Besides, I had only to look around me, almost anywhere, to know that this is a city built not upon respectable appearances but upon brawn. The yellow mounds of sulfur on the shores of Burrard Inlet--the mist of grain around the north shore elevators--the long lines of wagons rolling along the bay-shore railway tracks--the huge logjams of the Fraser River, the tugs with their barges, the hefty foreign freighters swinging with the tide--the constant traffic of the seaplanes, splashing their rumps in the water as they lurch to a landing--the thicketed masts of the fishing fleets jampacked at their Steveston quays--the brightly lit floating fuel stations of Coal Harbour, in sleepless echelon through the night--the ferries perpetually on the move, the helicopters whirring across the water, the futuristic liners moored below the billowing white tent-shapes of Canada Place--all these are inescapable reminders that Vancouver is really a place of virile meaning.
Above all, perhaps, the seaplanes, for though they are part of Vancouver’s time warp, especially the ones with bulbous radial engines like aircraft of the 1930s, still they tell us how close this city is to wild and inaccessible places. Only a few miles outside its limits, all suggestion of civility evaporates. Go one way and you are in the fierce mountain country, where the peaks called The Lions peer with a distinct malevolence, I always think, over the shoulders of the foothills to the city below. Go another and you are in the dank marshlands that fringe the Fraser estuary, soggy salt-flat country where cattle graze among the sedge, sea birds whirl, and gray radar installations stand hunched eerily in the waste.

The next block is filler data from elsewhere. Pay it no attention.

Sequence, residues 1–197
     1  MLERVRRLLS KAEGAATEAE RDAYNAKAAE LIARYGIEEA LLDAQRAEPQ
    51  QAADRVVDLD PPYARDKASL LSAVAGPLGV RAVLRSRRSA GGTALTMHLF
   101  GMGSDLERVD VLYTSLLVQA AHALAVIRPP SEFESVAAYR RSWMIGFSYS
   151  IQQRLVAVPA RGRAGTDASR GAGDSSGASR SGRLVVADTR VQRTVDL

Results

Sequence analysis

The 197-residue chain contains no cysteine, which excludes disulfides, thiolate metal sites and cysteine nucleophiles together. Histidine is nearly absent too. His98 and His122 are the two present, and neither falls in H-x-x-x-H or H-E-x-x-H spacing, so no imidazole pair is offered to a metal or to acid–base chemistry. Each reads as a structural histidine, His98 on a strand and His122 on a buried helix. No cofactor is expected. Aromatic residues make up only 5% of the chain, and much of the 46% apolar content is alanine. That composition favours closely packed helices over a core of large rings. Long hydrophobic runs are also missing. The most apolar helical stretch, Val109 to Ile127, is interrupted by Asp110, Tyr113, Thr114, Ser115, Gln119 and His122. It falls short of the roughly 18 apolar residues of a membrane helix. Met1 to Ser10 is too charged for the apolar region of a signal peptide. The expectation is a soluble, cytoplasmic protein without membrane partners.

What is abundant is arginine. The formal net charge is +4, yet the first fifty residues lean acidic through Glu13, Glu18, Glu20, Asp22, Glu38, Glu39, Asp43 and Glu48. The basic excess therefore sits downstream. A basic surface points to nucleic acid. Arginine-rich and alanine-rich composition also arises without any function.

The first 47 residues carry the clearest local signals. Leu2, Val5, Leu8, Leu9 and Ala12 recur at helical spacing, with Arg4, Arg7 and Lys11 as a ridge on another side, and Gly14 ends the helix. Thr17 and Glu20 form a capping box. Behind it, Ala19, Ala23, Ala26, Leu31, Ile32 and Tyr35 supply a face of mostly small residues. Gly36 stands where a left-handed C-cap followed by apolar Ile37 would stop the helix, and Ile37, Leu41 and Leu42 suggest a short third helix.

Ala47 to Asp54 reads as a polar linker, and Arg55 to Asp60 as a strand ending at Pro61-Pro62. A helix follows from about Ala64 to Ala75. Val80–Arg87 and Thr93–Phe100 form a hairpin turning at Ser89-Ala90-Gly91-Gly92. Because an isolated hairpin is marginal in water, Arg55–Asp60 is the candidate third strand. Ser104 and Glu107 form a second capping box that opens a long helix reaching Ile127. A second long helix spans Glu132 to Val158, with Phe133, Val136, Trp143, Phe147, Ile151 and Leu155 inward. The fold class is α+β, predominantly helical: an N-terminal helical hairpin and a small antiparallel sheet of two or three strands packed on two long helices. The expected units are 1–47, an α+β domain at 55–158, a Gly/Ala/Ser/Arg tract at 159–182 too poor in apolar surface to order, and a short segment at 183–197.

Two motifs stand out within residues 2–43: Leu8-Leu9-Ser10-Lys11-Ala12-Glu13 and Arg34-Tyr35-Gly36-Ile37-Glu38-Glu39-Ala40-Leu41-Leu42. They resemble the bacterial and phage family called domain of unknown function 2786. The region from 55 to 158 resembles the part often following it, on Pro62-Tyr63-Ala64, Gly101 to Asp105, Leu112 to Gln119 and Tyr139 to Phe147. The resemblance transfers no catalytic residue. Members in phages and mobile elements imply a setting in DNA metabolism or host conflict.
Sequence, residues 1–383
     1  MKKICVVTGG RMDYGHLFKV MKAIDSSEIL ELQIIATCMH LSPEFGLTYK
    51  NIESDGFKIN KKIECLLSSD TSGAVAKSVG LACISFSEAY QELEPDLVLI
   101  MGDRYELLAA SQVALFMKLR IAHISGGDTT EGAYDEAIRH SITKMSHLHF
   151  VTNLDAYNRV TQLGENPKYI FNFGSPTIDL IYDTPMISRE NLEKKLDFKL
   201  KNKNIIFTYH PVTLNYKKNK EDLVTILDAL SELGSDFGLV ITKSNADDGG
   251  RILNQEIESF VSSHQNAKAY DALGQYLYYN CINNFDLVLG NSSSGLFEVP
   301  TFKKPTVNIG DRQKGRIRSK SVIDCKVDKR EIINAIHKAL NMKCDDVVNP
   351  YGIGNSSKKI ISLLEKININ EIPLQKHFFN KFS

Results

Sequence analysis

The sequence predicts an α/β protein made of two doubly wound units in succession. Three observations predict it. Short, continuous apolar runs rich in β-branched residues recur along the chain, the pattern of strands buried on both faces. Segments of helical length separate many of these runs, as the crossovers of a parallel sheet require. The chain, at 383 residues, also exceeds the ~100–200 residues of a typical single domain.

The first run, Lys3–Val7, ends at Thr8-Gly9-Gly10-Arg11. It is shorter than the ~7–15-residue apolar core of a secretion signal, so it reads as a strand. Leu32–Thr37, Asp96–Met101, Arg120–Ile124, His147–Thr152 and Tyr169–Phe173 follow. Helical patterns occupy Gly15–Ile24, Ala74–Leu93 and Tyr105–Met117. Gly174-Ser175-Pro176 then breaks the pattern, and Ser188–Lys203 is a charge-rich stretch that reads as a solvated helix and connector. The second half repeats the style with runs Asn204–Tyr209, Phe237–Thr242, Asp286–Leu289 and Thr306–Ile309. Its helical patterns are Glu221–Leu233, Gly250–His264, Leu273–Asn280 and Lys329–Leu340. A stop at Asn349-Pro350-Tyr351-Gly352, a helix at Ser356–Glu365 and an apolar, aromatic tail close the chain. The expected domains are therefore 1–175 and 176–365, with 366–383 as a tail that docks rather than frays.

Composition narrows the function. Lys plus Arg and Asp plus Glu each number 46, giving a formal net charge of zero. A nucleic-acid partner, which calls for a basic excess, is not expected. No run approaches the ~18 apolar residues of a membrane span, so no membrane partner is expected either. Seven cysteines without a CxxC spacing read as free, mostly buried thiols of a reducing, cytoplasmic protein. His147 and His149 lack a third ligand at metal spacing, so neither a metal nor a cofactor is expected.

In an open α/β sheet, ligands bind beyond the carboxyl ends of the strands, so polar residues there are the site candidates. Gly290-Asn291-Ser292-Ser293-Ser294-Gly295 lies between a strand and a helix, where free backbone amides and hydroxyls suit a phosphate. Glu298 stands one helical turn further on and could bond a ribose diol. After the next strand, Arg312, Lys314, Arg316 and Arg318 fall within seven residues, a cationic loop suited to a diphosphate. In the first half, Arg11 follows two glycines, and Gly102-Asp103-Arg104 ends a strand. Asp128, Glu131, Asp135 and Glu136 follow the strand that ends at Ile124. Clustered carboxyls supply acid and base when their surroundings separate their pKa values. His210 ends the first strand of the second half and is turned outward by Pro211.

And, of course, this is Indian country.
The matter of the Indians runs deep in Vancouver and does something to undermine the cool of the place. It is queer to remember, looking out upon this city’s prospects, or for that matter coasting through the residential streets where the Musqueam band lives, that not so very long ago all this country was the domain of another culture altogether. One of Vancouver’s most eminent citizens is the artist and carver Bill Reid, half-Haida himself and the Haida’s grand protagonist, whose images of raven and owl, serpent and killer whale can hardly be escaped even by the hastiest visitor to the city.